If no removal decision but there is an appeal because the family had leave to remain at time of application then you can try to add the child as a dependant on the appeal (as opposed to a separate appellant).

      As for the main issue you are arguing there *are* exceptional circumstances: removal would be against best interests of the child. Plenty of case law says tribunal must consider these first, even if it later decides they are outweighed.

  4. Well, Colin, as an immigrant married to a Scot, I hope you can understand me and my family’s massive disappointment that the Yes vote didn’t go through. I don’t want to be shackled to Theresa May’s laws and the increasingly immigrant-hating attitudes down south that you have mentioned here. “No borders” is a nice sentiment, but the fact is that my Scottish husband knows that there is very little he can do to change things politically with the way the government is set up now, and he hates that he has been kicked out of his own country by a government he did not vote for. We’re living in Ireland right now because of Westminster’s immigration laws.
    “No borders” indeed.
    The White Paper outlined some nice nods in the way of tolerance towards immigrants, and when I saw that possibility dashed, I wanted to throw up. My husband cried when the results were announced, because he wanted so badly to live in a country where his vote mattered, where he might be able to do something to make his wife more welcome. Where I wouldn’t have my healthcare stripped from me, where I wouldn’t be subject to those humiliating landlord ‘check-ups’.
    I just find it odd that you can talk about the ‘huge relief’ and being proud to be ‘British’, and then a paragraph later launch into lamenting the brutality of the new immigration act. I hope you can understand my lack of ‘relief’ at hearing that, instead of (hopefully) returning one day to a country without those laws, we will (hopefully?) be returning to a country with those laws firmly in place, with the likelihood of worse on the way.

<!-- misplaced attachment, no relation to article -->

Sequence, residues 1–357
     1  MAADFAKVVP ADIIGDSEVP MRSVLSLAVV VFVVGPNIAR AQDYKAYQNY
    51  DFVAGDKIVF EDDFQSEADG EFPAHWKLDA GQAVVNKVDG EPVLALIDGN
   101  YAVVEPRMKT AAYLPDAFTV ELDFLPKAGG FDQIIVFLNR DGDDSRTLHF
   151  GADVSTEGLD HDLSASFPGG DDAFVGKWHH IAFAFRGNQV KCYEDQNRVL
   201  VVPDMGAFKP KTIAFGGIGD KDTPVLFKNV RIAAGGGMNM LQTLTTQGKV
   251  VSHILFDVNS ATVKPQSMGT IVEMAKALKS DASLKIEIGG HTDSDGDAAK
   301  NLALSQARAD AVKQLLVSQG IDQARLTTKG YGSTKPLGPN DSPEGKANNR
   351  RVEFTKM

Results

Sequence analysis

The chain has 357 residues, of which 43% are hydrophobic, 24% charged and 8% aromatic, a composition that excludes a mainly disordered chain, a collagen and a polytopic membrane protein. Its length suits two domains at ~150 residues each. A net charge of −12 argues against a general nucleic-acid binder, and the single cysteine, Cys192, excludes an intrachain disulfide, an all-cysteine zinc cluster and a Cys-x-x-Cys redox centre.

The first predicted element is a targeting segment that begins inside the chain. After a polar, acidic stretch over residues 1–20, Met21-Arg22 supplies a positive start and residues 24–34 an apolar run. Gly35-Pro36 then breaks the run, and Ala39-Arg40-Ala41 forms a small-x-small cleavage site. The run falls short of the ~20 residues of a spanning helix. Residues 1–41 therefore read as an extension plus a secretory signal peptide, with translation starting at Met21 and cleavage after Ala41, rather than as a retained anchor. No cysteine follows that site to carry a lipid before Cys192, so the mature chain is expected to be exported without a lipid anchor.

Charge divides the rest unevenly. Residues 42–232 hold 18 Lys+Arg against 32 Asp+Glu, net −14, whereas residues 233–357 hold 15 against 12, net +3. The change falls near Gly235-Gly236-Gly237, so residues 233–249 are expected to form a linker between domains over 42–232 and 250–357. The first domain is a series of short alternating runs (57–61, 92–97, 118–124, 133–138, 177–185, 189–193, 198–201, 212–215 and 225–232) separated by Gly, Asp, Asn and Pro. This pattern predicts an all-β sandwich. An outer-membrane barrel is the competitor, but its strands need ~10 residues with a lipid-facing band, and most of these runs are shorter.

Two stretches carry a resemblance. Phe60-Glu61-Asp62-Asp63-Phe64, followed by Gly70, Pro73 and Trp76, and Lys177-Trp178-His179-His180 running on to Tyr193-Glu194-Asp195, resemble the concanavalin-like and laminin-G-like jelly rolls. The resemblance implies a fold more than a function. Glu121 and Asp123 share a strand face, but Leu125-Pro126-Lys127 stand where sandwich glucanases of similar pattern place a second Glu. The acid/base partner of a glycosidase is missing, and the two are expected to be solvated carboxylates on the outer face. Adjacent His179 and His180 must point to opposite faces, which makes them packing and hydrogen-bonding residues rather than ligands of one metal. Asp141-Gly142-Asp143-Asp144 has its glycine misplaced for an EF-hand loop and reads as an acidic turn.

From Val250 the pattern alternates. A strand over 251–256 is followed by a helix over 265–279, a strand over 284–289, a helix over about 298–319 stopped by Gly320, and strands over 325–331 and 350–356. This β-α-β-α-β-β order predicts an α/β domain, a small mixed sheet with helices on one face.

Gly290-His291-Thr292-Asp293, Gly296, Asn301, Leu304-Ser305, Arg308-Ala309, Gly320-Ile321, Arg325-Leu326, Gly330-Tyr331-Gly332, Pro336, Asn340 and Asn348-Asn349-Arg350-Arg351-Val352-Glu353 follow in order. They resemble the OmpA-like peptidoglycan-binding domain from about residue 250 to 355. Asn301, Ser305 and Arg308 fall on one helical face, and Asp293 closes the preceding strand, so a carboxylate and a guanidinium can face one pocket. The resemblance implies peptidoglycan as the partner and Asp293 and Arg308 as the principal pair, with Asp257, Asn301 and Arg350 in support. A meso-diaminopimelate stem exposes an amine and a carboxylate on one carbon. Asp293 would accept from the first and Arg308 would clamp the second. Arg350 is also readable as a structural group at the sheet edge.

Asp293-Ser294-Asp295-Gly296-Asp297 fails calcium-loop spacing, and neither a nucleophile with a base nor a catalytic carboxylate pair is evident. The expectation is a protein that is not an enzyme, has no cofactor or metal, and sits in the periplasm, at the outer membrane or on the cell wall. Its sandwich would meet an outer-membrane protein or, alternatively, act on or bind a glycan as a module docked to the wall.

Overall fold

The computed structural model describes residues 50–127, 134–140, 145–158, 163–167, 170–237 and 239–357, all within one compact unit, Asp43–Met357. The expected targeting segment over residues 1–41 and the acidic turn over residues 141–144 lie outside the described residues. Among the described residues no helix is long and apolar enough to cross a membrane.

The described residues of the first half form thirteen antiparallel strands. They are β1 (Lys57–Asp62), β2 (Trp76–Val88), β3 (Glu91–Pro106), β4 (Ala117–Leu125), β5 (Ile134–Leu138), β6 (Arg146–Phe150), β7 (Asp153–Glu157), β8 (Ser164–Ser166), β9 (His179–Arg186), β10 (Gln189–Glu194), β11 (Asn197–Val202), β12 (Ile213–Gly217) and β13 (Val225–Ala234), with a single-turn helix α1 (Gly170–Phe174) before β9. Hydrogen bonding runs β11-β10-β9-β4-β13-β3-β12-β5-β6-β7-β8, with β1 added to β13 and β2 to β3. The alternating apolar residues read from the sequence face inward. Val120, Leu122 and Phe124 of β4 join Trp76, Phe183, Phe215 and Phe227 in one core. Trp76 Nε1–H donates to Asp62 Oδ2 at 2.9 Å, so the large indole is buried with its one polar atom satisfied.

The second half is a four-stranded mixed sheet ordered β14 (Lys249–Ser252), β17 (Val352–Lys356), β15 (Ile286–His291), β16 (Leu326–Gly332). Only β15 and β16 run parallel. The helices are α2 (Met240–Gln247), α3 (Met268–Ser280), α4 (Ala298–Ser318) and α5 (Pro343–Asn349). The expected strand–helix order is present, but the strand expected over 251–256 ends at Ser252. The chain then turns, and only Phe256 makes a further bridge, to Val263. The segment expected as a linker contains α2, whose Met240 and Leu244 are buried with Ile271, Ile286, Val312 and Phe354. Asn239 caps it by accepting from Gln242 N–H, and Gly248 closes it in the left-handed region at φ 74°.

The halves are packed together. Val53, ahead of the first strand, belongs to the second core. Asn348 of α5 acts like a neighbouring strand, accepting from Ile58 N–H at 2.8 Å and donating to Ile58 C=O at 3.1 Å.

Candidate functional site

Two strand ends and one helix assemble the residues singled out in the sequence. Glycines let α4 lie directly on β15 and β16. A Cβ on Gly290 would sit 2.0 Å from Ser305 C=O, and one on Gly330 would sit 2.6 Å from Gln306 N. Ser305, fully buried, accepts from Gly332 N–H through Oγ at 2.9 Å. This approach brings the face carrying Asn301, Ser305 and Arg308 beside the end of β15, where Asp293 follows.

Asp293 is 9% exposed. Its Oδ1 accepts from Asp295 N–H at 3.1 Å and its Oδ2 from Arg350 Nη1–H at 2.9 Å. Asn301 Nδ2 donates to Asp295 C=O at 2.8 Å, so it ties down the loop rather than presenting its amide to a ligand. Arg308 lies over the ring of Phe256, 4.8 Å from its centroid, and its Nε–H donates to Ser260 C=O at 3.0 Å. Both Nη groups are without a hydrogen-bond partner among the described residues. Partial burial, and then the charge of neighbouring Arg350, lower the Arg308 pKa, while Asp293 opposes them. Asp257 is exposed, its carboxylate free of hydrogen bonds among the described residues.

You speak of the good that Scotland has done, spreading its progressive influence down south (though from where I’m standing, it’s hard to see any of that supposed influence). But can you tell me that England has returned any of that favor? With the lovely gift of the Bedroom Tax, Trident, and all those taxes extracted with less returned for Scotland’s own budget? With my Scottish family paying the price for London’s anti-immigrant fervor?

    Maybe Scotland doesn’t want to be England’s progressive appendage.

    Your blog has done me and my husband a lot of good. I find your legal analysis easy to understand, well thought-out, and a big help to people under the heel of Westminster’s immigration laws.
    I hope you can understand our disappointment. Because if someone as progressive, insightful, and helpful as you doesn’t understand our crushed hopes, I don’t know if the rest of the UK will understand.
    Someday, maybe, I will be able to vote in Scotland, and you can count on me to campaign for independence, even if it’s just me and my husband waving a lone Yes flag in the middle of George Square.
    But I bet it won’t be just us.

    1. I think I can understand your disappointment and pain. I had difficulty sleeping in the run up to the vote and it was incredibly important to me as well. I would be inconsolable if the result had gone the other way, and I’m sure many Yes supporters feel the same way. I fear that I would have felt very bitter if the result has been a ‘Yes’.

      There are many British citizens right across the United Kingdom who are being betrayed and hurt by the current politicians in Westminster. I didn’t vote for the current lot either and I consider much of their agenda profoundly ‘un British’, particularly the Immigration Act 2014 and its ‘papers please’ approach to enforcement.

      The Tories need to be fought and stopped from ruining more lives right across the UK, not just in Scotland. I’m sorry to put it like this, but my concerns are not so narrow and I do not see the separation of people by a new border as being a sensible or good solution to dealing with the separation of other people. I prefer solidarity and joint struggle rather than split and division.

      I hope that it works out for you and your husband and that our shaming immigration laws can be overcome. It gives me real pleasure and satisfaction that the information I’ve provided has been useful, and I’m really grateful for your taking the time to say so as well – it is the few bits of feedback like that which I get that makes it worthwhile.

      For the record, London is in fact a very welcoming and multicultural city where attitudes to migrants are very progressive. Some parts of England, Wales, Scotland and Northern Ireland are not so welcoming. There are bad apples everywhere, but perhaps less of them in Scotland than elsewhere!

    2. “papers please”. Yes. If you were born abroad or (I suppose) after 1982 and lose your identity papers, the assumption is automatic that you are an “illegal immigrant”…